If you look at Reply 14 at http://www.pizzamaking.com/forum/index.php/topic,7931.msg68159.html#msg68159, you will see in the penultimate paragraph that I mentioned 1.75% for the salt. If you then look at the following Reply 15 at http://www.pizzamaking.com/forum/index.php/topic,7931.msg68165.html#msg68165, you will see that Terry Deane suggested that the salt value be increased to 2.5%. Since I considered Terry to be an expert on the NY style, as well as a professional specializing in that style, I deferred to his suggestion that the salt be increased to 2.5%. That value was reflected in the dough formulation I created for Mike (Essen1) in Reply 21 that you referenced. For myself, I would perhaps have gone back to 1.75% since I have been conscious for years about sodium levels in pizzas.

I found it interesting that what I proposed to you is pretty much in line with what I set forth in Replies 14 and 21 but for the salt level that I explained above with respect to Reply 21. I think that is because I tend to think in principles and then attach numbers to them once I know what the objectives are. It looks like the principles I applied over three years ago are the same as I applied to your case.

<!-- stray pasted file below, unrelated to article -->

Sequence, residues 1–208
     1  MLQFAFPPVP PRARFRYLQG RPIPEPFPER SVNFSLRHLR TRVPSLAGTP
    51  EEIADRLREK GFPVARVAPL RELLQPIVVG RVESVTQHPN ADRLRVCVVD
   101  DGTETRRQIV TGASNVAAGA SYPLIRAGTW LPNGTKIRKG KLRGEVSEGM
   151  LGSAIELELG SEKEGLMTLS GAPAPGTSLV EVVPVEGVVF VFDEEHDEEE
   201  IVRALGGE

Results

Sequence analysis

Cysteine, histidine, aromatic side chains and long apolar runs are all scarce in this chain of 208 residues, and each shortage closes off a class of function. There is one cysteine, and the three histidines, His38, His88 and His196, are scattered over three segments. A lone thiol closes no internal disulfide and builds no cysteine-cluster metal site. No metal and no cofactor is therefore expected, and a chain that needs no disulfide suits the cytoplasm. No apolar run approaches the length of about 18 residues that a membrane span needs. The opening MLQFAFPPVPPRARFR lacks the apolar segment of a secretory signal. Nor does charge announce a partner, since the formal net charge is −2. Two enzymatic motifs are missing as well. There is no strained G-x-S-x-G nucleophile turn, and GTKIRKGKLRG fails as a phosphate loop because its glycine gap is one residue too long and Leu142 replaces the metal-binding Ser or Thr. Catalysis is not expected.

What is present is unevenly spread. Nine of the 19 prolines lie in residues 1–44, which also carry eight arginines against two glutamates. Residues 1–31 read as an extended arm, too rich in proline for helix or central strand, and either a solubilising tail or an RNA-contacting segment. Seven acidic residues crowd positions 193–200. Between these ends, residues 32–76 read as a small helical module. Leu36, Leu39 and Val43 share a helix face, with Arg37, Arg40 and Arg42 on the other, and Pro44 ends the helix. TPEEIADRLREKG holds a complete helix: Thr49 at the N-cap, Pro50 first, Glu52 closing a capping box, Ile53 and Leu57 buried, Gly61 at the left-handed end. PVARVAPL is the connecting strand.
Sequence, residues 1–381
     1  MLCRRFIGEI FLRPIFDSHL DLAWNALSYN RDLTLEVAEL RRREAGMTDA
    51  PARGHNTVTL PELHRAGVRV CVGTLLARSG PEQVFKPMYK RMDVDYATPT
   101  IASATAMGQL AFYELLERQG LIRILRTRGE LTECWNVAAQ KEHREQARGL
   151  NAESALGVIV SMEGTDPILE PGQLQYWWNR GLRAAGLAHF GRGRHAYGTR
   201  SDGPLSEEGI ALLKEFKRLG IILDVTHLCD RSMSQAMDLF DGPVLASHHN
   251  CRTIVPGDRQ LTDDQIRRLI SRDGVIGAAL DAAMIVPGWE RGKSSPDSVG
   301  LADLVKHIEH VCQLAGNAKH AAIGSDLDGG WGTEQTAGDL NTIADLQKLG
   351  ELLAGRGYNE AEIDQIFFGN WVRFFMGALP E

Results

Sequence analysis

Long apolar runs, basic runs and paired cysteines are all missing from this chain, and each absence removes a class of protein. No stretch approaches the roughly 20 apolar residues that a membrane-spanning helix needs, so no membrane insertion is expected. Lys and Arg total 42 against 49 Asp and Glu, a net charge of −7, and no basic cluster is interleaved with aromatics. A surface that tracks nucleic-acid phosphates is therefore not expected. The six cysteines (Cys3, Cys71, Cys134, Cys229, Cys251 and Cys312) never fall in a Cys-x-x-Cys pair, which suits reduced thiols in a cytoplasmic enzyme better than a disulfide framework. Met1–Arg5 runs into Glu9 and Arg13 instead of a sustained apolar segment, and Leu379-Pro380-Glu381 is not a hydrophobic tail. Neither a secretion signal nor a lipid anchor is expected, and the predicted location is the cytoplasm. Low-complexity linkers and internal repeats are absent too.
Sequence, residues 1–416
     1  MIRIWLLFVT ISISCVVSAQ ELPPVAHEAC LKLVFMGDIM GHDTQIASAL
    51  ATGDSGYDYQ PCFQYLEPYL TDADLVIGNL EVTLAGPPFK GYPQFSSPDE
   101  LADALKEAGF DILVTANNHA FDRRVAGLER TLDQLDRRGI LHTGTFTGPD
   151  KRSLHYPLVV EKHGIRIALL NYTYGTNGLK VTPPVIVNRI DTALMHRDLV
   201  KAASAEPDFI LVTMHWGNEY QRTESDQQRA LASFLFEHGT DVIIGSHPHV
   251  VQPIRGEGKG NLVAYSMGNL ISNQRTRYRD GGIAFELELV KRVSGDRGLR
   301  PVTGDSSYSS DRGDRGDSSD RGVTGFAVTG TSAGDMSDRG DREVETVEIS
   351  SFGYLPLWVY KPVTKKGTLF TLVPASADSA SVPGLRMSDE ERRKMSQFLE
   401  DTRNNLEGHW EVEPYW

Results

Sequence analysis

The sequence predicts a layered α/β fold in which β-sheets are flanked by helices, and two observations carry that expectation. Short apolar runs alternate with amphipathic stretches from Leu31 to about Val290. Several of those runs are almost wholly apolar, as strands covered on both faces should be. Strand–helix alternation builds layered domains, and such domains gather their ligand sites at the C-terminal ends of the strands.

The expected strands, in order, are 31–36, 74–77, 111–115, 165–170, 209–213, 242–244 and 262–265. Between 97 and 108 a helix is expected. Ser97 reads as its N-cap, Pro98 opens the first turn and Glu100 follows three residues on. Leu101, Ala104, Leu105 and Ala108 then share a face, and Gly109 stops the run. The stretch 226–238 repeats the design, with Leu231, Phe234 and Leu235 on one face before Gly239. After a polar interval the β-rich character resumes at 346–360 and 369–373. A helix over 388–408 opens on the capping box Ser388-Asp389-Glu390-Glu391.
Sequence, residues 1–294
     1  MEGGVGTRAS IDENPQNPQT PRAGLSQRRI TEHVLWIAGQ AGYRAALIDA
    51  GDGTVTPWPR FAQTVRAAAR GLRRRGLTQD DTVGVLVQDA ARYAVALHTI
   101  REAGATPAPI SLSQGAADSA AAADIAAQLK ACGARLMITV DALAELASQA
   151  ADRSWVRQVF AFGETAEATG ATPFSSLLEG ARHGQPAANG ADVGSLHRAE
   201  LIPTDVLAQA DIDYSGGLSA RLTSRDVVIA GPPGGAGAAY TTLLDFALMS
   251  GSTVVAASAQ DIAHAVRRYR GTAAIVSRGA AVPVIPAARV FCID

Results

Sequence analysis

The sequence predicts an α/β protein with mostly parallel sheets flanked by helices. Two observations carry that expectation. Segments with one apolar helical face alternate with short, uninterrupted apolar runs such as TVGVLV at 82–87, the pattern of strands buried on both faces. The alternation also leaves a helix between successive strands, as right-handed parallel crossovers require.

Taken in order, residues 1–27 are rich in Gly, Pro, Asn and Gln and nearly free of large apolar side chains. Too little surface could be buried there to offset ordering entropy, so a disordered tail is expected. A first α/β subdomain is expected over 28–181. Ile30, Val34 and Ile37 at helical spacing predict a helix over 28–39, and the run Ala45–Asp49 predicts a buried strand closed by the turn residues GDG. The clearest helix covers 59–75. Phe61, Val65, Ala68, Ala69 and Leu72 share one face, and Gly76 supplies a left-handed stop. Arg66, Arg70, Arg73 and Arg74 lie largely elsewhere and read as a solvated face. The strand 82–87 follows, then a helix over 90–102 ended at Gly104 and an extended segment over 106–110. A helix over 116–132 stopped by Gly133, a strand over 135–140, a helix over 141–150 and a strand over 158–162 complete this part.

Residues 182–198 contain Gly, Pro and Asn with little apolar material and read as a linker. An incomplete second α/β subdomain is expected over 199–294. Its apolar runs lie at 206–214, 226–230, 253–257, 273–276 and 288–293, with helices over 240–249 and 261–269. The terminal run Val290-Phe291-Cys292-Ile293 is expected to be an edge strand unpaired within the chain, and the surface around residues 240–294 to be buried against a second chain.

Peter

Peter,

I missed that you preferred the salt at 1.75%.  I find it interesting how different members prefer more or less salt in formulations and have found I like different amounts of salt according to the kind of pizza I am attempting.  I wonder why that is.  I think I can taste different salt levels, but with different formulations, sometimes I like more salt than other formulations for the final salt taste in the pizza crust.  Just like my last experiment I did, I sure thought that 1.85% would give some salt taste in the final crust, but Steve, my taste testers and I thought their wasnít much there.

You have a great mind in remembering what you posted before and see you did apply the same principles for me.

Norma

Offline norma427

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Re: the progress of the regular Lehmann dough for market
« Reply #77 on: April 09, 2012, 06:11:41 PM »